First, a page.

Regional Reviews: St. Louis
Also see Richard's review of Evita
Yes, the majestic book musical from 1943 still rises up like the pyramids in all its simple glory, at the Robert G. Reim Theatre in suburban Kirkwood, Missouri. But many familiar elements of both show and showman take or lose gravitas because of the great work both on-stage and off. Director Michael Hamilton has a wealth of talent in his cast, and choreographer Dana Lewis suddenly seems up to her neck in Nijinskys. But don't forget, it's been 75 steady years of singin' and dancin' for Oklahoma!, and, clearly, after all that time, we've ended up in a world of triple-threat performers. Since 1943, these iconic hayseeds have developed into quite a fearsome lot.
Sarah Ellis, as Laurey, provides one of the biggest "earthquake moments," by serving as "Dancing Laurey" too, in the seminal nightmare ballet, alongside the lighter-than-air Nicolas de la Vega as "Dancing Curly." Having her perform in the ballet herself lends emotional weight to both her character and the show. Another bonus-laden performance comes from Lucy Moon, a comedy mastermind as Ado Anniethough her beautiful voice wipes laughter from our minds whenever she lets slip any random platinum note. It tires the soul to imagine their mothers, shuttling them from acting class to dance class to singing class every week, ten or fifteen years ago.
Stages St. Louis spends a fortune every season on outstanding costumes, including Ado Annie's 1906-ish poofy, clown-like fuchsia and white plaid dress (and matching hat and parasol, of course). Thanks to miracle-working costumer Brad Musgrove and his team, it's deliciously bizarre.
The only costuming question marks involve our prolonged visual ordeal with plain-Jane coveralls for Ms. Ellis, and the initial costume choice for handsome, rubber-faced Blake Price as Curly: a Belle Watling-inspired red-on-red shirt and scarf combination, which is quickly dispensed with. The actor himself is maybe 37% callow, in the modern style of all 21st century leading men. Still, we know he must be straight, because he clearly doesn't know how to dress.
But because he's got a dash of sensitivity to him, this Curly gives brooding David Sajewich (as the infamous farm-hand Jud Fry) a kind of "permission" to climb down and be more human and multi-dimensional, too, as his adversary, in the vast re-jiggering of the show's many interconnected parts. (Mr. Sajewich has a haircut here that seems inspired by Sweeney Todd.) Director Hamilton opens the door to a cavalcade of change, and most of these alterations become worthwhile trade-offs. Just as the two lead actresses are more artfully expressionistic, Mr. Price and Mr. Sajewich seem more thoughtfully impressionistic.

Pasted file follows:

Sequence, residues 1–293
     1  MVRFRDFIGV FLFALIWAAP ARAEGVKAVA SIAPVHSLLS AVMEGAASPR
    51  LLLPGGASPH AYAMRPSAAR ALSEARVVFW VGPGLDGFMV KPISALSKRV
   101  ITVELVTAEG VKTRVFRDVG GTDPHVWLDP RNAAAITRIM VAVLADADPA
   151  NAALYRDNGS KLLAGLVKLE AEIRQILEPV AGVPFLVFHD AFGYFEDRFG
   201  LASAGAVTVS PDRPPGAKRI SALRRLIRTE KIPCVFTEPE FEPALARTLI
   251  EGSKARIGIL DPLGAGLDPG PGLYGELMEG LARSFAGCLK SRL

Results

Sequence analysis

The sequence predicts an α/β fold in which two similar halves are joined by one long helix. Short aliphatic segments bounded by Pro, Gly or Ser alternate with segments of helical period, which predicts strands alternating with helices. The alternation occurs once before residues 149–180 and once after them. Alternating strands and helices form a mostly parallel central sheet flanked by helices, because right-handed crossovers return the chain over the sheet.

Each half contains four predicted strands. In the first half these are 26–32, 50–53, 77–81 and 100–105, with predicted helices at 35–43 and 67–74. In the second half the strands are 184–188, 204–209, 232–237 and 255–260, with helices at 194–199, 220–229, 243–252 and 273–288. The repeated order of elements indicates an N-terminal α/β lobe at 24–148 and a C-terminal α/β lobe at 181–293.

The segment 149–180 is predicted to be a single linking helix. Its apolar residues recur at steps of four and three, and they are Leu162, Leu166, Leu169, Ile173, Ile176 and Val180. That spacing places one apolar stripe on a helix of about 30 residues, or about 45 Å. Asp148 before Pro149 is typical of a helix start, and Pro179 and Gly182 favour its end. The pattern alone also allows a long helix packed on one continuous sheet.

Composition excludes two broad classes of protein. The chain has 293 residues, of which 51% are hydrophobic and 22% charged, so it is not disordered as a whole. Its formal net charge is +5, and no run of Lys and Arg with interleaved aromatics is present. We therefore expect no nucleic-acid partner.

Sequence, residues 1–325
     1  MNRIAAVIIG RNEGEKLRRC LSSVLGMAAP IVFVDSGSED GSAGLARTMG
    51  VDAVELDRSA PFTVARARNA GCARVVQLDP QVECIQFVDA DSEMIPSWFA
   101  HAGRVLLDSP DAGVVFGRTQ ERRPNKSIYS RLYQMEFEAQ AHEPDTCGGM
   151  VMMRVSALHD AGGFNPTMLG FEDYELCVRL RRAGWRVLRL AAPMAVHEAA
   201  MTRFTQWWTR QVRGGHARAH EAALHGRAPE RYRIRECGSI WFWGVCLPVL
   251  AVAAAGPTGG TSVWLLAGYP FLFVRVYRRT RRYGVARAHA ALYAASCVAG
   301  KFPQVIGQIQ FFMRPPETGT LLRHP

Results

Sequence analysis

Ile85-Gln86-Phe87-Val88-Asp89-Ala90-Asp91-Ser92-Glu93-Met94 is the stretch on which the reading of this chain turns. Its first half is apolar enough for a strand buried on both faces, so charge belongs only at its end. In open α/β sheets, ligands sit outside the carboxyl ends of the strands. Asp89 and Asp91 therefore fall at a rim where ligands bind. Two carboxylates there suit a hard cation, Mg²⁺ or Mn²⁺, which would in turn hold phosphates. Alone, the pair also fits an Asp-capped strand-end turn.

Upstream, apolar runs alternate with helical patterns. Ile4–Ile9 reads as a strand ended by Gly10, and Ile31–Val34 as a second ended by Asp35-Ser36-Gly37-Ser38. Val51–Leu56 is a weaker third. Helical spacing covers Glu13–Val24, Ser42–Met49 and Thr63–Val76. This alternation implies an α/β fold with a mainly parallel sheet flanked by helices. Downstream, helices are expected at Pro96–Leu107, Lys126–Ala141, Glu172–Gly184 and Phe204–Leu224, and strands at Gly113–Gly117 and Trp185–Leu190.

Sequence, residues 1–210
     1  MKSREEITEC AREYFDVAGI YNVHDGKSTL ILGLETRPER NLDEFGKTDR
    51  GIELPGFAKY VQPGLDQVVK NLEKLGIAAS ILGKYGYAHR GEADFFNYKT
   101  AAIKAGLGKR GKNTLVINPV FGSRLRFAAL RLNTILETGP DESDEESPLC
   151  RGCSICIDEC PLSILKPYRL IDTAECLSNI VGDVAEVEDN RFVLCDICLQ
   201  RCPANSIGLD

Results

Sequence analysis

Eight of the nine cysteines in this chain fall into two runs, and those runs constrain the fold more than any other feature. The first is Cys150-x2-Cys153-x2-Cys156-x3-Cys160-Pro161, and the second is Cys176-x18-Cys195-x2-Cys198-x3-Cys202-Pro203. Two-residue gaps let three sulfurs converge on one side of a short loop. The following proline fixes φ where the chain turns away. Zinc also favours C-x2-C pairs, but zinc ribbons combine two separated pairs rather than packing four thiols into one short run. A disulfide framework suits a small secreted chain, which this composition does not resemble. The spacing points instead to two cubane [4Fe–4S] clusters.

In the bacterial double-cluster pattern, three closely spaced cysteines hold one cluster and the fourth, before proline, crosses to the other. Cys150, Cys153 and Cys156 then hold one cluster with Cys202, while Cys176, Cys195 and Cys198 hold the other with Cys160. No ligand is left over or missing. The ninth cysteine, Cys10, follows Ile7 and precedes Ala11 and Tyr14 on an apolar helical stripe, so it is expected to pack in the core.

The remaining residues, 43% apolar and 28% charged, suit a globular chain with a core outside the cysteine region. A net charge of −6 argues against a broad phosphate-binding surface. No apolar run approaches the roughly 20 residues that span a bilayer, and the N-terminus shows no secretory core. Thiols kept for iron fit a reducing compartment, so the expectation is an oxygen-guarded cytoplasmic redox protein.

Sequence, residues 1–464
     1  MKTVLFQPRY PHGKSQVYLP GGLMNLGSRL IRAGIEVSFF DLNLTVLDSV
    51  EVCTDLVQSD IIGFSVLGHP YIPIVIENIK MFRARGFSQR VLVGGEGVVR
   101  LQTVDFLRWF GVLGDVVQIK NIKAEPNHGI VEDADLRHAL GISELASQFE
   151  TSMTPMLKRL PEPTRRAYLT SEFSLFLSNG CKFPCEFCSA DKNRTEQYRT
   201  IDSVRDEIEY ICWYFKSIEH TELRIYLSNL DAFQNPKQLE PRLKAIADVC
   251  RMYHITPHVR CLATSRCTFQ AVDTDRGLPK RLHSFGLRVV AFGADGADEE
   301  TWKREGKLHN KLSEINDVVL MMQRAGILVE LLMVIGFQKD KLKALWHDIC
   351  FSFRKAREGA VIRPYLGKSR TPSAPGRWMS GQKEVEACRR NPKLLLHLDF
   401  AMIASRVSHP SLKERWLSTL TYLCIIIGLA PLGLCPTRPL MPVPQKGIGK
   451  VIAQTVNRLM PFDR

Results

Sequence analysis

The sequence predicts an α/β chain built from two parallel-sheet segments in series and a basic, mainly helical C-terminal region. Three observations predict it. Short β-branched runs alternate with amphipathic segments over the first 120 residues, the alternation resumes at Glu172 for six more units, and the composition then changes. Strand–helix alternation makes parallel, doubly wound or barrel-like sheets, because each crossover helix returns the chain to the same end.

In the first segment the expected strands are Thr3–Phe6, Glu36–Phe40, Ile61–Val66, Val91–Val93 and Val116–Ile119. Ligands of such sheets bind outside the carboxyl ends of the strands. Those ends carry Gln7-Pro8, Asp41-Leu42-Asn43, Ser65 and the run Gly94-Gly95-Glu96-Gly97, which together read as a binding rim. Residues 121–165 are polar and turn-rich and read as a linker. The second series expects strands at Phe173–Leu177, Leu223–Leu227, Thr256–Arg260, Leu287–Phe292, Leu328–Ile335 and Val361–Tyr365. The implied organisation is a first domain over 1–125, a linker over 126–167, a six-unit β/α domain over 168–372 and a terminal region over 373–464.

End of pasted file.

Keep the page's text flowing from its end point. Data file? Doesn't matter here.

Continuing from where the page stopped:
Then there are the extroverts like Con O'Shea-Creal as cowman Will Parker, and Matthew Curiano as Ali Hakim, the itinerate salesman. Even though he's flat-out funny, Mr. O'Shea-Creal hypnotizes us during a debonair "ragtime" solo in the middle of "Everything's Up to Date in Kansas City." And Mr. Curiano, as the peddler, drew a tremendous ovation at curtain call, for his comedic contributions. Still, it's a very old-school interpretation of the roleone that vaguely calls to mind the descriptions of 19th century Shylocks we've read of. Perhaps predictably, it goes over really big in staunchly Republican Kirkwood. Add that to the list of the already-scripted emotional landmines dotting this mythical Sooner Country. But, in fairness, also add in about twice as many laughs.
The synthesizer overture is super-cheesy. But overall, it's a great show, with fine work by local favorites including Zoe Vonder Haar and John Flack.
Oklahoma!, through October 7, 2018, for Stages St. Louis at the Robert G. Reim Theatre, 111 South Geyer Rd., Kirkwood MO. For more information visit www.stagesstlouis.org
The Cast (in order of appearance):
* Denotes member, Actors Equity Association, the union of professional actors and stage managers in the United States